1. Filter

People don’t know what to listen to. You can’t trust the radio, you can only trust your friends, and who’s to say your friends have the same taste as you?

He who tells us what to listen to will have all the power in the future.

It will not be an algorithm.

If you think Pandora has great recommendations, you’ve got no taste. If that’s the future of radio, I want no part.


2.  Money Trumps Art

Everyone’s trying to get rich, or bitching that they’re poor. People no longer discuss music, but their financial stability. Furthermore, money is the ultimate arbiter. If someone sells a lot of tickets or a lot of tracks you can’t say a negative thing about them. This coarsens our society. Critical thinking is crucial to a healthy arts scene. Something can be successful and suck. Conversely, it can be obscure and great. If your first question is how do I make money, you shouldn’t be in music.


3. Everybody Thinks They’re A Star

We’re only interested in the exceptional. It’s kind of like the Olympics, if you don’t medal, we don’t know your name. In the old days, with a limited universe, mediocre, with exposure and promotion, could make it. Today, you’ve got to be positively A-team. Or, the beneficiary of A-team marketing and promotion. But if your music doesn’t sell itself, your career will be very brief.


4. You Can’t Get A Good Ticket At A Fair Price

Therefore people don’t even try to buy. For all the bitching from people who overpay or sit in the cheap seats there are legions who’ve opted out of live music. This is the industry’s problem. With no one leading the charge against it. It’s easy to fall out of the habit of going to the show.


5. Greed

This is just how the rich like it. The hoi polloi fighting amongst themselves, oblivious to the true enemy. The acts and executives, the agents and the promoters, they’re fighting over a tiny pot.


6. Con Artists

You know, the websites that give you advice and hope, and charge you for the privilege. Not everybody can work in the music business, not everybody can be a star. If you’re paying someone to host your stuff, to get you gigs, you’re either not good or delusional or both.


7. Classic Rock

It was too good. Just because the kids like something that does not make it good. Come on, all you trumpeting the Jonas Brothers, name one of their songs… Until modern acts truly reach the brass ring, the whole sphere will suffer. As for those saying today’s music is just as good as yesteryear’s…you don’t have ears.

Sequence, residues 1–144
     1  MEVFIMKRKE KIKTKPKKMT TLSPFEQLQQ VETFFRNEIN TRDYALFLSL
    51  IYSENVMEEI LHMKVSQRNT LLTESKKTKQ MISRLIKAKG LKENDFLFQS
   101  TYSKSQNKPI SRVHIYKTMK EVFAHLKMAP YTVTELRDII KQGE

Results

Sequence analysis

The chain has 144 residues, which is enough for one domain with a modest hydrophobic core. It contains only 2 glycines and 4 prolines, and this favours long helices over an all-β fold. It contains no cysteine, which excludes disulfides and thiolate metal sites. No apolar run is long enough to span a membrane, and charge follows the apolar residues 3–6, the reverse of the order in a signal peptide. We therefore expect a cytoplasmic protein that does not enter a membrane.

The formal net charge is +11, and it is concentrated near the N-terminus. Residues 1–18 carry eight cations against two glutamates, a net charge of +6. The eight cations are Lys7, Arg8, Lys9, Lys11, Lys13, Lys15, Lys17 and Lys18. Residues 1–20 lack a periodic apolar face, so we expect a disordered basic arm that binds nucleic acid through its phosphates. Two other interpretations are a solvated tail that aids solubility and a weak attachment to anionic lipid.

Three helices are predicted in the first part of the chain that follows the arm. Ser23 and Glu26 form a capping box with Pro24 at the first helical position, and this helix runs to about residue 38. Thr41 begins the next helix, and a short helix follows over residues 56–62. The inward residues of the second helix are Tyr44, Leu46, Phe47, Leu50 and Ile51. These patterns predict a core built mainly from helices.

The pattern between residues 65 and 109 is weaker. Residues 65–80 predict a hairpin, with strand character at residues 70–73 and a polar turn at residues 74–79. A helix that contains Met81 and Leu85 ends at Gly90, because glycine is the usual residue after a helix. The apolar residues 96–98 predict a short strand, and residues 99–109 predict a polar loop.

8. Old Media

From radio to newspapers to movies it’s old world thinking, a circle jerk trying to perpetuate something that’s dead. The sooner old media dies, the clearer the landscape will be. Radio is not coming back. Newspapers will not survive in print, and most won’t survive at all. And while we’re at it, CDs are history and physical books are goners. The fact that something still exists does not mean it isn’t over. If you’re discussing piracy, the death of the CD, singles and streaming, you’re wasting your breath. The modern music world is not like Congress, there’s no consensus amongst an elite. Instead modernity is an endless rushing river controlled by nobody. If you’re doubling down on old media, you’re probably investing in the PC business and feature phones.


9. Working The Numbers

Whether it be authors scamming Amazon reviews or record companies garnering fake YouTube plays you can no longer trust statistics and reviews. Everybody’s a scumbag. Trying to game the system. And it’ll only go away when e-mail spam is eradicated. Which probably won’t be in my lifetime.


10. Lack Of Knowledge

No one knows history. Before you sit down to write your song, listen to the Beatles catalog, learn about a bridge, learn about harmony. You can’t break every rule and be successful. If you’re familiar with the basic building blocks, you’ve got a chance of making it.



1. Peer To Peer File-Sharing